If they become swollen it can be due to Hodgkin’s lymphoma, lung infection or cancer, or gastrointestinal cancer.
The anterior cervical lymph nodes are found along your muscles referred to as the sternocleidomastoid muscle that enables you to swivel and flex your head. Many times when a person has swollen cervical lymph nodes it is hard to diagnose the cause of the swelling.
Usually when you have swollen cervical lymph nodes they will return to normal within fourteen days without any treatment. Place the damp hot washcloth on your swollen cervical lymph nodes for ten minutes and then replace it with the cold washcloth for another ten minutes. It also reveals well-defined enhancing soft tissue lesion suggestive of lymphadenopathy (Axial view - T2-weighted image). It also reveals a well-defined enhancing soft tissue lesion, suggestive of lymphadenopathy (coronal view - T1-weighted image).6. These represent about 6% of all cancer cases and account for a number of new cancer cases and cancer-related deaths worldwide every year [1, 2]. The type of selective neck dissection performed varies according to the site of the primary, because the pattern of metastases is unique in each case. For example, at the end of the 19th century, Kocher used limited neck surgery when resecting cancer of the oral cavity without clinically evident neck nodes.[2] Later, a limited procedure known as suprahyoid neck dissection became popular as a means of removing occult lymphadenopathy associated with cancers of the oral cavity, particularly cancer of the lip.
It became known as functional neck dissection, with the major emphasis being preservation of function. Indeed, anatomic studies by Rouviere[10] and Fisch and Sigel[11] demonstrated that lymphatic drainage of the mucosal surfaces of the head and neck follows relatively constant and predictable routes.
Lindberg also noted that cancers frequently metastasize to both sides of the neck and can skip the submandibular and jugulodigastric nodes, metastasizing first to the midjugular region. With this approach, an analysis can be made that is applicable to patients presenting with the full spectrum of the disease. These can be caused by bacterial or viral infections, cancer (malignancy), or other rare causes. Enlargement of the salivary glands under the jaw may be caused by infection or cancer. Sporadic disease is most common, however risk factors include exposure to ionizing radiation, most commonly secondary to treatment of an unrelated malignancy, and others (Table 1). Post-operative staging is used to determine which patients may or may not benefit from I131-radioiodine therapy. Fifteen months after the initial treatment, an undetectable TSH-stimulated Tg and negative I123-DxWBS confirmed remission. All lymph nodes filter debris like cancer cells, viruses, bacteria, and anything else that should not be circulating throughout the body. These types of blood vessels are located in the spaces between the cells throughout your body and are closed at one end. The characteristics of having swollen cervical lymph nodes can also help to diagnose the cause of why they are swollen.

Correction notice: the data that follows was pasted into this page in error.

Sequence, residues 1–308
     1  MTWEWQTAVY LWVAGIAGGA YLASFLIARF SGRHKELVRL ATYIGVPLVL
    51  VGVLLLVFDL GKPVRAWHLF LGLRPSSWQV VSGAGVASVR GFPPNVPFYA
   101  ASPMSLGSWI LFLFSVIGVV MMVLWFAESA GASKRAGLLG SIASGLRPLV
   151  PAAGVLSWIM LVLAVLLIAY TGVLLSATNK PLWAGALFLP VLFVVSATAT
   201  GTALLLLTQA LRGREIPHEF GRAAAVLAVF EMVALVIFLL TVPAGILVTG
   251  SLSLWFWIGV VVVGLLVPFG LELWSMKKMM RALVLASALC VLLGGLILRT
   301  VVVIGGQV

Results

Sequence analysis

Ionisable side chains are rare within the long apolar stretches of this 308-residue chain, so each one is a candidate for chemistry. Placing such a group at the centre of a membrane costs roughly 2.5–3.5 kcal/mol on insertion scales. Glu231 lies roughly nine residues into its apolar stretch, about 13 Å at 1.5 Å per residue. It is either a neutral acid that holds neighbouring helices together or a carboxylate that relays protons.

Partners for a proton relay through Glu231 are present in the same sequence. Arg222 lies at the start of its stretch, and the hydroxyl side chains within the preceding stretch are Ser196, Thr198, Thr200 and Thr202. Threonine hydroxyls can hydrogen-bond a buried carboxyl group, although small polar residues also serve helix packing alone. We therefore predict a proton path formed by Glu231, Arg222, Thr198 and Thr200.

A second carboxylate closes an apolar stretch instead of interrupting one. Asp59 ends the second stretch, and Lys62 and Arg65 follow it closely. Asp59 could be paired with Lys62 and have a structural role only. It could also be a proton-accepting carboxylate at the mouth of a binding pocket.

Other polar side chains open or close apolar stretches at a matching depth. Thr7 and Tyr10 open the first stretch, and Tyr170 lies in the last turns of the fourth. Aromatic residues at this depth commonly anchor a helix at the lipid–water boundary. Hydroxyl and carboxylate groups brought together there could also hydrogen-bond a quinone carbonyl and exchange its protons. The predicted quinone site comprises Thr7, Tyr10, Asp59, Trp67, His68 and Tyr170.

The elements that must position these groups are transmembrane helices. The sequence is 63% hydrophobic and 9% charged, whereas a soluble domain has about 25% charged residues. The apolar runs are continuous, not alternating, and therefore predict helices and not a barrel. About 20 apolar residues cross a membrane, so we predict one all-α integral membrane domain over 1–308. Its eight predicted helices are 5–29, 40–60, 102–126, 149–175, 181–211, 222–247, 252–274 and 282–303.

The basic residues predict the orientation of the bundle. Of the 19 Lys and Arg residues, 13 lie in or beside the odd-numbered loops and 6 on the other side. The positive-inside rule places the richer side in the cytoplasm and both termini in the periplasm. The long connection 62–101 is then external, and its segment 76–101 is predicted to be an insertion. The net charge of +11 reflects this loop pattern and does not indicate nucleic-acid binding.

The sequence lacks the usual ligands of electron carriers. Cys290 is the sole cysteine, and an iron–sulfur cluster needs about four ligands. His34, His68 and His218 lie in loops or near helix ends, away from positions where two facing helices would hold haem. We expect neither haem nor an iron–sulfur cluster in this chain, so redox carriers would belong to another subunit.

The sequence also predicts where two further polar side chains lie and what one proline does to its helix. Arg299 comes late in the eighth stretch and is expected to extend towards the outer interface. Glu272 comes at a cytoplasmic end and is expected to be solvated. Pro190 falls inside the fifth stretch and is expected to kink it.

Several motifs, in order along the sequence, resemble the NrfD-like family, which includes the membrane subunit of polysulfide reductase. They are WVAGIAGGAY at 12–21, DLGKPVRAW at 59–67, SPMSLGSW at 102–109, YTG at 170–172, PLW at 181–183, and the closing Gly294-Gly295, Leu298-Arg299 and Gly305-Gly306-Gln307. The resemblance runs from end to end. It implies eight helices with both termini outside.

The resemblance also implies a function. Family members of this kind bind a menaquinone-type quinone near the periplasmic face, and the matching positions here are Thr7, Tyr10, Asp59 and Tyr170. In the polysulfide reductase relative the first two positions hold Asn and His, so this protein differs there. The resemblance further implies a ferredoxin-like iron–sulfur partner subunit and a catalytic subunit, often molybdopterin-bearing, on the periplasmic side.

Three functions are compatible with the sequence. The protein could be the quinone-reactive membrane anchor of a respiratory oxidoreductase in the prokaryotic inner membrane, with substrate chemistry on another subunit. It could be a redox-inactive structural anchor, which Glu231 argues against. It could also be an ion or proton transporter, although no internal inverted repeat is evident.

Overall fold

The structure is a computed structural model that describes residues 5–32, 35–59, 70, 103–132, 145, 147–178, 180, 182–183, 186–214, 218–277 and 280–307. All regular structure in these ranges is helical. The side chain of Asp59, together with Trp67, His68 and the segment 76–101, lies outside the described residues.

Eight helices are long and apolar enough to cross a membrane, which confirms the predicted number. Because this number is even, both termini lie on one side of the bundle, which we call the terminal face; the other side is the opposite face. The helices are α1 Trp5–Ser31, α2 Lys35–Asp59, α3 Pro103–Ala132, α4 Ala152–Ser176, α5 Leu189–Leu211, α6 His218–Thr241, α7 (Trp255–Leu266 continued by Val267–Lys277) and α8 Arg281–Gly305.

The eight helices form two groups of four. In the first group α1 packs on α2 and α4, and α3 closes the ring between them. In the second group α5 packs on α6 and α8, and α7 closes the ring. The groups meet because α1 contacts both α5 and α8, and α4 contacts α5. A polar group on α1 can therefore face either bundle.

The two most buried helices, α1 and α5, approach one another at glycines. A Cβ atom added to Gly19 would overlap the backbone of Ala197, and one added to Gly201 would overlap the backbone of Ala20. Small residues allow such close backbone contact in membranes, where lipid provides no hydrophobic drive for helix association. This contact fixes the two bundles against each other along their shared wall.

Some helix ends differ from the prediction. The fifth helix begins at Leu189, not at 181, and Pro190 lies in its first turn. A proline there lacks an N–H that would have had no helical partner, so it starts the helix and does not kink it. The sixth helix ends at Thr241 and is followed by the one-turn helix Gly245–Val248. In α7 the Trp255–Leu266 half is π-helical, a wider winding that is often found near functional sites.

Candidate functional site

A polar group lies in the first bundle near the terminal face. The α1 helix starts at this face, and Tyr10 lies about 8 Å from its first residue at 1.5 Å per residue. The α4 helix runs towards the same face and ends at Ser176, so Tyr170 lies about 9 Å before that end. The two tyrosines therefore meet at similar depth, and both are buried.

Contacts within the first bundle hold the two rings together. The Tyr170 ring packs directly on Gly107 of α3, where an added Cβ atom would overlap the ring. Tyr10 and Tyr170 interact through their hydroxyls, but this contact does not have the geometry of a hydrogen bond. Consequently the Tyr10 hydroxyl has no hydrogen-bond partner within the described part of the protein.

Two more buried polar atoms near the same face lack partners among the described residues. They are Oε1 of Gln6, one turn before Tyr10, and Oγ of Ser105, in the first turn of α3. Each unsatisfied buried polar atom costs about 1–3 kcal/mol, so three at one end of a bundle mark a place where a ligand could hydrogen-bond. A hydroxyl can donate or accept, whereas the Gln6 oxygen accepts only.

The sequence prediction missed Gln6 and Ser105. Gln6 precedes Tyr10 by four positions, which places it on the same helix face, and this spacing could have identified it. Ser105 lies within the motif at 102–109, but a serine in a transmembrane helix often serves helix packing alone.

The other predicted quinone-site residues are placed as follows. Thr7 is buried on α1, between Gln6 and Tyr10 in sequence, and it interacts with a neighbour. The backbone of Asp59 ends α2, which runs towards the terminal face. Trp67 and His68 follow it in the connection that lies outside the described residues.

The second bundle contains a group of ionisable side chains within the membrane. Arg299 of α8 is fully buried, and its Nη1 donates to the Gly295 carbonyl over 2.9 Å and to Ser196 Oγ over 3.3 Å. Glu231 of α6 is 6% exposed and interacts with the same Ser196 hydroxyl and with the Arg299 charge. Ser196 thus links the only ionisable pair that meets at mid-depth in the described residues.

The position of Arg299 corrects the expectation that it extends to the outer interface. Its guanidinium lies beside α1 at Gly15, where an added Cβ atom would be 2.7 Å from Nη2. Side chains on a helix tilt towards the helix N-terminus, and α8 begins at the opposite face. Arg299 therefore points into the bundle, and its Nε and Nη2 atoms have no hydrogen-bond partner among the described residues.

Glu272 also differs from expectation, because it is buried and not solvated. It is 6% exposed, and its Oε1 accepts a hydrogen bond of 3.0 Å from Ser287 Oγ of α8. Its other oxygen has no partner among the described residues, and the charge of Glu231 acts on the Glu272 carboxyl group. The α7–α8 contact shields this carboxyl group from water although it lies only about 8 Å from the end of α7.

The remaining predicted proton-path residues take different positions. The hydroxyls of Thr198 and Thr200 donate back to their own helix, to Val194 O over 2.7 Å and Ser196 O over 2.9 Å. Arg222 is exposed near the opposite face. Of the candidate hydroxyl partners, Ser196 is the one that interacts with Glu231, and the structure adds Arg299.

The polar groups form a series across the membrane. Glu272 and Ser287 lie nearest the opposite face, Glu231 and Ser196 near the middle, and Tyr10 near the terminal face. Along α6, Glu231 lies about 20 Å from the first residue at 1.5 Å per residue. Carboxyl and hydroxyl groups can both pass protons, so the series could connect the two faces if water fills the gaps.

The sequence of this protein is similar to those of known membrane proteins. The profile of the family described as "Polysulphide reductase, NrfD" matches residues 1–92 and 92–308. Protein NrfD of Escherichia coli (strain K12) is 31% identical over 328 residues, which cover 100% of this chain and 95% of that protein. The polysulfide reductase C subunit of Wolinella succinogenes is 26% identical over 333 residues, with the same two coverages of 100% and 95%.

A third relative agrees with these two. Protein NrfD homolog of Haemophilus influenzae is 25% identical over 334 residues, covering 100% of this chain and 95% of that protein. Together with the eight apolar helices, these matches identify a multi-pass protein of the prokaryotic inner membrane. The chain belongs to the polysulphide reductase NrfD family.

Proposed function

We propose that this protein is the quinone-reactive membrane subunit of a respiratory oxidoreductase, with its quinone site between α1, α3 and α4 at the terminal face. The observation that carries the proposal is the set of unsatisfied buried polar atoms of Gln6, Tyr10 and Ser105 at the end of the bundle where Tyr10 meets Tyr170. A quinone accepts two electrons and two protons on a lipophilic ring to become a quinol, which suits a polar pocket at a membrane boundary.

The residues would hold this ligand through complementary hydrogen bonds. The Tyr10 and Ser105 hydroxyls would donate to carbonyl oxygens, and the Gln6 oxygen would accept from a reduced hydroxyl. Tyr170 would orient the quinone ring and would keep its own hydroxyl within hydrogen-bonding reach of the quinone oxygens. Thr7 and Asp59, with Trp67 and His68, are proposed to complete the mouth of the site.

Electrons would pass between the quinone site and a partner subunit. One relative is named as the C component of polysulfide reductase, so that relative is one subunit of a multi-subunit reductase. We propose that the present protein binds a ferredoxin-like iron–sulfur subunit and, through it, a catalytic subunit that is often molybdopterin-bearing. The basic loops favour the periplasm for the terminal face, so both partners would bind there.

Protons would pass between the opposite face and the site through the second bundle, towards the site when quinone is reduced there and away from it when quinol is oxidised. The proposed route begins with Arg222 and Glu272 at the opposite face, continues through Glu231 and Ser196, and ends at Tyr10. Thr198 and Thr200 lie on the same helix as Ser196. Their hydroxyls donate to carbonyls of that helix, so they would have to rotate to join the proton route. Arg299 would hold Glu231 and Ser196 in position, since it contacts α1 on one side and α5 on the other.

If you are running a fever or having pain your physician will recommend the standard treatment of taking over-the-counter pain relievers like ibuprofen or acetaminophen. This review presents the author’s philosophy on when, how, and why to employ the procedure, based on the location of primary cancers at oral, pharyngeal, laryngeal, cutaneous, thyroid, and salivary gland sites. Within each of the sites in the head and neck, the indications for selective neck dissection vary. Lumps in the muscles of the neck -- almost always in the front of the neck -- are caused by injury or torticollis.